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Chip Kelly outcoached? Cary Williams has it wrong

PHILADELPHIA -- In the wake of former Philadelphia Eagles defensive back Cary Williams' assertion that Chip Kelly got outcoached in crucial games last season, it seemed appropriate to see whether there is any substance to Williams’ claims.

There are two areas of contention here. First, Williams’ belief that Kelly’s high-tempo practices wore the Eagles out for games seems consistent with the team’s December fade. The Eagles lost three consecutive games, dropping from 9-3 and first place in the NFC East to 9-5 and out of the playoffs. Could that have been a result of working too hard in practice all season?

Maybe, but doubtful. Kelly adjusts his practices constantly, accounting for player feedback, time of year and other factors. In 2013, the Eagles went 7-1 in the second half of the season, rising from 3-5 to 10-6 and the division title. Their biggest game of the 2013 season, the finale against the Dallas Cowboys, was a resounding victory.

In 2014, the Eagles’ slide seemed to have more to do with the schedule than with fatigue. The Eagles won their Thanksgiving Day game at Dallas, then had to play Seattle, Dallas again and Washington over the next three weeks.

They lost to Seattle, which was similar to previous losses to Arizona, Green Bay and San Francisco. The suspicion is the Eagles lost to contending teams because they just weren’t as good as those teams. Maybe Kelly could have come up with some new offensive strategy to surprise those opponents, but overall, the Eagles lost to better teams.

Seattle was better. With a healthy Tony Romo, Dallas was better. That pattern broke when the Eagles played at Washington in their next-to-last game. That was a game the Eagles should have won.

If there was a coaching element during this stretch, it was in Williams’ own area. Kelly gives defensive coordinator Bill Davis a lot of control of his unit. Davis believed cornerback Bradley Fletcher’s confidence was shaken but that Fletcher could play his way out of it. He couldn’t, allowing Romo to throw three touchdown passes to Dez Bryant in that loss to the Cowboys at Lincoln Financial Field.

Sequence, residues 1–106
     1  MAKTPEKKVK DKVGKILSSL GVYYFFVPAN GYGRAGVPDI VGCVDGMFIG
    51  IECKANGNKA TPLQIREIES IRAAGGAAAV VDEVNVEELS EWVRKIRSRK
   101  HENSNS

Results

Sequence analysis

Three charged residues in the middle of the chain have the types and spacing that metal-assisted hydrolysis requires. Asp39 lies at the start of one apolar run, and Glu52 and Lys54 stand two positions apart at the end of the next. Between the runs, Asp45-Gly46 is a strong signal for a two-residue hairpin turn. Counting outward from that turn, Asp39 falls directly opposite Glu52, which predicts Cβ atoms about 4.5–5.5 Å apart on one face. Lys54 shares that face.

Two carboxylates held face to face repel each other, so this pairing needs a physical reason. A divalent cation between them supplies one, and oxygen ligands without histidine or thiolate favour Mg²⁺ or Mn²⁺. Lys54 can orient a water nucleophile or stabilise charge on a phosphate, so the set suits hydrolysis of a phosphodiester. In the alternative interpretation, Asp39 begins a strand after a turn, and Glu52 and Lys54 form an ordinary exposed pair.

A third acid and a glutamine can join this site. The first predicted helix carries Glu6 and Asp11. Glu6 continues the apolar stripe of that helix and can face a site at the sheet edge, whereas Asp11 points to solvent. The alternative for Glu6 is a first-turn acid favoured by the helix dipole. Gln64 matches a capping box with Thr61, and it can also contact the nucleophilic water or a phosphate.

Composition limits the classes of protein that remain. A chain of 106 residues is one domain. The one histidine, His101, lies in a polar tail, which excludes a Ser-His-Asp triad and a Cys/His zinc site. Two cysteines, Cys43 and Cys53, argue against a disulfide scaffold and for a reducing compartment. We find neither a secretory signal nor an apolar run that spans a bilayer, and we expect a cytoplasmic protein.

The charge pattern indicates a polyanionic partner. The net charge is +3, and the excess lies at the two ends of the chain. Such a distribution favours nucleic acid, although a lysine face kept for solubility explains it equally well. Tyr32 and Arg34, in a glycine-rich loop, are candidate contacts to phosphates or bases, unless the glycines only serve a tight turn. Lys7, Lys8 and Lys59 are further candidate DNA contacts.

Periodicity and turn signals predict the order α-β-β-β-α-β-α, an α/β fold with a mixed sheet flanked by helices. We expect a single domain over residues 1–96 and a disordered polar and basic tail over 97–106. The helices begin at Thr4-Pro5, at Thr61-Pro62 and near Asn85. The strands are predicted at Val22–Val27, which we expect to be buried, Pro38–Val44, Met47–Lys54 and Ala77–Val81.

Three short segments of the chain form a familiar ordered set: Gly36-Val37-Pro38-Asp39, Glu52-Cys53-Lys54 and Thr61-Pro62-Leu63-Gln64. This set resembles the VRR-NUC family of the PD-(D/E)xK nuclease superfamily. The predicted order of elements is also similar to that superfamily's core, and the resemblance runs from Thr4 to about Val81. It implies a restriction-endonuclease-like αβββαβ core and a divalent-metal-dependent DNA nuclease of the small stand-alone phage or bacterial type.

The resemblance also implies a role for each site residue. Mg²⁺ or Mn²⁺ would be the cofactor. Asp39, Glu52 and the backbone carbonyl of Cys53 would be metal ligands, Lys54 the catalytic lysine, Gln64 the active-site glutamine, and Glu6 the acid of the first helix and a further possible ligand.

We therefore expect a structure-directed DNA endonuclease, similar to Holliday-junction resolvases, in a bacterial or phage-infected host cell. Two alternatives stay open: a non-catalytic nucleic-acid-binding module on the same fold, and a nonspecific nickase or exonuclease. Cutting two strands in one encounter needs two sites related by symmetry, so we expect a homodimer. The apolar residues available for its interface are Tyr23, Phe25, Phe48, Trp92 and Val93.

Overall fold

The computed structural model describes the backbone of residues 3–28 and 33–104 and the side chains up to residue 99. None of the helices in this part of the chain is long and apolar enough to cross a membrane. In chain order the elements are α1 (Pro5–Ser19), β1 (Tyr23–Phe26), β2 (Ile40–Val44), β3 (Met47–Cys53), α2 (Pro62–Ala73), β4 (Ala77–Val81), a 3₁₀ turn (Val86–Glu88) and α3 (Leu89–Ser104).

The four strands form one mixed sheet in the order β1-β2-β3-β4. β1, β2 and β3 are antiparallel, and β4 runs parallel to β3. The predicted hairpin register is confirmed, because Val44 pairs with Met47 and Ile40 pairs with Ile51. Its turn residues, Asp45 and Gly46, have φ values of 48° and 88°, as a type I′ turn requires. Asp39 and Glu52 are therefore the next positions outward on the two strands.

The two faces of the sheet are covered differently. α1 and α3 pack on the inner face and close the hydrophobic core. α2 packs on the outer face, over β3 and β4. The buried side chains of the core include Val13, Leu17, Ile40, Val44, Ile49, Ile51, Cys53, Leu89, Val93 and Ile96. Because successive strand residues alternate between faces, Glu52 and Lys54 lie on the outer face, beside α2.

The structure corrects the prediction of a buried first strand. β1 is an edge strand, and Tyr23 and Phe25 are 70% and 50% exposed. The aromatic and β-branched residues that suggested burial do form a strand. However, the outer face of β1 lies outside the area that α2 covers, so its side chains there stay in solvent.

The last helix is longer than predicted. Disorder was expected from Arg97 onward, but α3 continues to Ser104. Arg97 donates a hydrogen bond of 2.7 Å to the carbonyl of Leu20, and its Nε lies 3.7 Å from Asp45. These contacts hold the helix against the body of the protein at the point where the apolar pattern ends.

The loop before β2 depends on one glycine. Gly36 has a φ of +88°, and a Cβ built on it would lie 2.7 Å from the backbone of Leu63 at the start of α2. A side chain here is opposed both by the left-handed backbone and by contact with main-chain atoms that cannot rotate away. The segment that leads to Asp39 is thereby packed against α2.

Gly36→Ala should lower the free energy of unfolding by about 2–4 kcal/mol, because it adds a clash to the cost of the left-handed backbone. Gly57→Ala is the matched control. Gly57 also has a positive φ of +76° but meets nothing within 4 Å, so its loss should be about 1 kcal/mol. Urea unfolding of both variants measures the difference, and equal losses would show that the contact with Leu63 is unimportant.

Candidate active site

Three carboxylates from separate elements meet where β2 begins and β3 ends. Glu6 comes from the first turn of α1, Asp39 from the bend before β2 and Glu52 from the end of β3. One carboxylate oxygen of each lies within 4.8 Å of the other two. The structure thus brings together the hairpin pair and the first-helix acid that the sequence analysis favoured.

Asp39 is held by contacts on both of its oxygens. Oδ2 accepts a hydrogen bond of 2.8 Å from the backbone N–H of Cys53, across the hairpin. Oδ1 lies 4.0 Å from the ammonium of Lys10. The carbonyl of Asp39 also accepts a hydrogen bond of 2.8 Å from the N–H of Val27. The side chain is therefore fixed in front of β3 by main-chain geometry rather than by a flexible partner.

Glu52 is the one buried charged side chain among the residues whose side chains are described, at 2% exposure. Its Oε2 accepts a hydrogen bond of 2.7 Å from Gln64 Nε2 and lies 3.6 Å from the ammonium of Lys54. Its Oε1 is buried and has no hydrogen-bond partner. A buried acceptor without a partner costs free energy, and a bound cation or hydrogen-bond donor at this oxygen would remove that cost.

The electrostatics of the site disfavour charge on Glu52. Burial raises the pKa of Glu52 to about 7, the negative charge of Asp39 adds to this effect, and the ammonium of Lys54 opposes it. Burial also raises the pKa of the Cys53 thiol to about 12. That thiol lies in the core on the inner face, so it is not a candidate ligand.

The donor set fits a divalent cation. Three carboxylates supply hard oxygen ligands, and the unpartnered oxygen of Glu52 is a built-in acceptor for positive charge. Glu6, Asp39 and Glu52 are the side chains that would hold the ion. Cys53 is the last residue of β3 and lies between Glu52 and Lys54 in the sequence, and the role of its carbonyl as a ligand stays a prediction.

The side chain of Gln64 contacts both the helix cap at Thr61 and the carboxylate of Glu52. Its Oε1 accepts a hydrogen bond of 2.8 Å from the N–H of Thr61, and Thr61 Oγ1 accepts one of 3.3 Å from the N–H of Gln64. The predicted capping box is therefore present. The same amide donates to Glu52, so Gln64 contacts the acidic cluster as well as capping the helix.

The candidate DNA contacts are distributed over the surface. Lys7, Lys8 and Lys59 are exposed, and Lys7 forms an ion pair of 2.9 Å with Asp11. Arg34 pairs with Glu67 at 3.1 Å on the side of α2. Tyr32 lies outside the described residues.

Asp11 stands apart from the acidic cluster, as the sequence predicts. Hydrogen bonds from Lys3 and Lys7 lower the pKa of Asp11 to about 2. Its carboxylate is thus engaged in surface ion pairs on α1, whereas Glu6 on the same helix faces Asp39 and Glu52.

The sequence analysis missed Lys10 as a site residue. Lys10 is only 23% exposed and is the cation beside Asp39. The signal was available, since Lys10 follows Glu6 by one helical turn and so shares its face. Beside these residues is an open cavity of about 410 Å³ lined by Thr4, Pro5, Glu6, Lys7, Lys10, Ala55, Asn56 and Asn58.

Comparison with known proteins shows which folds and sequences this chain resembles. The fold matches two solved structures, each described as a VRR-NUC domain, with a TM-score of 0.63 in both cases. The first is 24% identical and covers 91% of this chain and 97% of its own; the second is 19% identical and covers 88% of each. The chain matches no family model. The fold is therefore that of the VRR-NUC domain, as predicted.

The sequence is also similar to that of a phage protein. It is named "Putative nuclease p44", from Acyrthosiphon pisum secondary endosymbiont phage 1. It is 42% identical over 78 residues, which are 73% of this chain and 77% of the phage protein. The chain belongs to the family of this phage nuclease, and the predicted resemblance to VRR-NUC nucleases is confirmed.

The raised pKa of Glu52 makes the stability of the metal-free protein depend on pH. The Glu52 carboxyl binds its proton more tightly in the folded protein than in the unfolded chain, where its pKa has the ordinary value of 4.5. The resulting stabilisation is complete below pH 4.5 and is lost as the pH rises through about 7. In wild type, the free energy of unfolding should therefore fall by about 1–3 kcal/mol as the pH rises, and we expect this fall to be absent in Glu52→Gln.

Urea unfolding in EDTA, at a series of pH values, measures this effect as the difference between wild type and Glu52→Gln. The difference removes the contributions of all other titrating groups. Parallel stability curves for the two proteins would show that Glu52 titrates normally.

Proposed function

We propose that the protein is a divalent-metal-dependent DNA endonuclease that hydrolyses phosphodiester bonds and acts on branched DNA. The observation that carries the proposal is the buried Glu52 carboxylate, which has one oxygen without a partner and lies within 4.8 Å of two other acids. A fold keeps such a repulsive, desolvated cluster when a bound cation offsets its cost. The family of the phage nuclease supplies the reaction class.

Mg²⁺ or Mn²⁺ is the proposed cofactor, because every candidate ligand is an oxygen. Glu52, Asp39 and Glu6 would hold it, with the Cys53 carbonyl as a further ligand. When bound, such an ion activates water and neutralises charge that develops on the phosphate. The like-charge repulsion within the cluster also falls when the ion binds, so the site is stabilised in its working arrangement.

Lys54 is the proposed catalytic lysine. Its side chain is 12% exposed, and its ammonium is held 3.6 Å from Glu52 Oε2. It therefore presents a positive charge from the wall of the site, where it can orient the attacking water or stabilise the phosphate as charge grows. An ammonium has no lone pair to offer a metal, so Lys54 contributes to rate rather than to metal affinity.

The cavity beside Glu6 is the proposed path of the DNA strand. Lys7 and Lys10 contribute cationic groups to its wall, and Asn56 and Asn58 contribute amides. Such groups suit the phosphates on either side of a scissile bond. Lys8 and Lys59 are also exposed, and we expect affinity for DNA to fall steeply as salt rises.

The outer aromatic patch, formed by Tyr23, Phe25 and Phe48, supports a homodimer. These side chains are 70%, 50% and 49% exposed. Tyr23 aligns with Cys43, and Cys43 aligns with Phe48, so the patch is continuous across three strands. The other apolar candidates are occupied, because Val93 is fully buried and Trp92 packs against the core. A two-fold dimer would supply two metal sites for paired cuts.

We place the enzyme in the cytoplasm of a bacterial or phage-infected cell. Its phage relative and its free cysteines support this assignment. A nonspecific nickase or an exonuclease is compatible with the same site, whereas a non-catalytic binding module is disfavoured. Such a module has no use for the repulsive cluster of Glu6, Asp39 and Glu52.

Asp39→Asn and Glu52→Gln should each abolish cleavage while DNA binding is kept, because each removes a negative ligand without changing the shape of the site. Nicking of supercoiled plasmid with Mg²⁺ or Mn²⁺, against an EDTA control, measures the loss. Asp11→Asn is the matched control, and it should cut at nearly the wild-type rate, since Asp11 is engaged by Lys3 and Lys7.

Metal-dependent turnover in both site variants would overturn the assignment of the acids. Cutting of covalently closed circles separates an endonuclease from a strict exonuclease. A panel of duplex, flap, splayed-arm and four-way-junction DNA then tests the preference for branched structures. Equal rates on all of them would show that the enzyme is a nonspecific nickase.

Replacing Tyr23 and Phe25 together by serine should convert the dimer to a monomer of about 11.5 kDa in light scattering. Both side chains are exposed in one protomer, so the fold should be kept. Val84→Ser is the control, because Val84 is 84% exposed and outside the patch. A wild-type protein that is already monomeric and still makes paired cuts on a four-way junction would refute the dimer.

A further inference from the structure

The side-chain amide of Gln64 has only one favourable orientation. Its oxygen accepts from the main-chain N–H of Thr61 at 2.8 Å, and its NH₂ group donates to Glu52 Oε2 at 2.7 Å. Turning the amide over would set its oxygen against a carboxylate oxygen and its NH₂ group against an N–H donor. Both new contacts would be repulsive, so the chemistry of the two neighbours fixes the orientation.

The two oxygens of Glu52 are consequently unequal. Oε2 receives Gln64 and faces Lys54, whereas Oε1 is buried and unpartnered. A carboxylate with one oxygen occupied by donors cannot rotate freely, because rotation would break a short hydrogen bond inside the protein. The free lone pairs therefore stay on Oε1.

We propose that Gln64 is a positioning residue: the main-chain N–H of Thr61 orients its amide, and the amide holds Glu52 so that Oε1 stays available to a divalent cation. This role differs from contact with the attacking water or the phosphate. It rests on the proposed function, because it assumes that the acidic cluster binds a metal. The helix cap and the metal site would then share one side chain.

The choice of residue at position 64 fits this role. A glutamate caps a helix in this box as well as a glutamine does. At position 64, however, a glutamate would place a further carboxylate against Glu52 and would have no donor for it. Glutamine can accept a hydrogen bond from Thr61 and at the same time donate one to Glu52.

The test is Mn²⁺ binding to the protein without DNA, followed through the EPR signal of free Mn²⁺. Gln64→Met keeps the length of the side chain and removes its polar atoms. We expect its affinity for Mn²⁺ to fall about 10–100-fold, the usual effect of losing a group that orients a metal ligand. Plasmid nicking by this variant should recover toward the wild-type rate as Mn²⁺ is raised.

Fletcher was back on the field against Washington the next week. He got burned for a couple big plays by DeSean Jackson. Quarterback Mark Sanchez, starting his seventh game of the season, also threw a killer interception that ended the Eagles’ last chance to take control of the game.

The lineup decisions in the secondary were questionable, but the real problem was in personnel. If Nolan Carroll is good enough to compete for a starting cornerback job this season, it’s hard to understand why he wasn’t good enough to play instead of Fletcher down the stretch last season. And the coaches may prefer Brandon Boykin as a nickel corner, but refusing to use him while the season burns to the ground seems a little misguided.

Again, Kelly could have stepped in and made those calls. If he delegated to Davis, that’s fine, but it doesn’t absolve him of all responsibility. Being the head coach means being accountable.

Kelly has cleared the roster of Fletcher, Williams and Nate Allen. He has replaced defensive backs coach John Lovett with Cory Undlin. Clearly, Kelly saw there were problems in that area.

To say the Eagles lost those three games because Kelly was outcoached seems like a reach. Kelly would probably like a do-over in those games. Any coach would. But his options were limited by his personnel, which explains why he has changed his personnel so dramatically this offseason.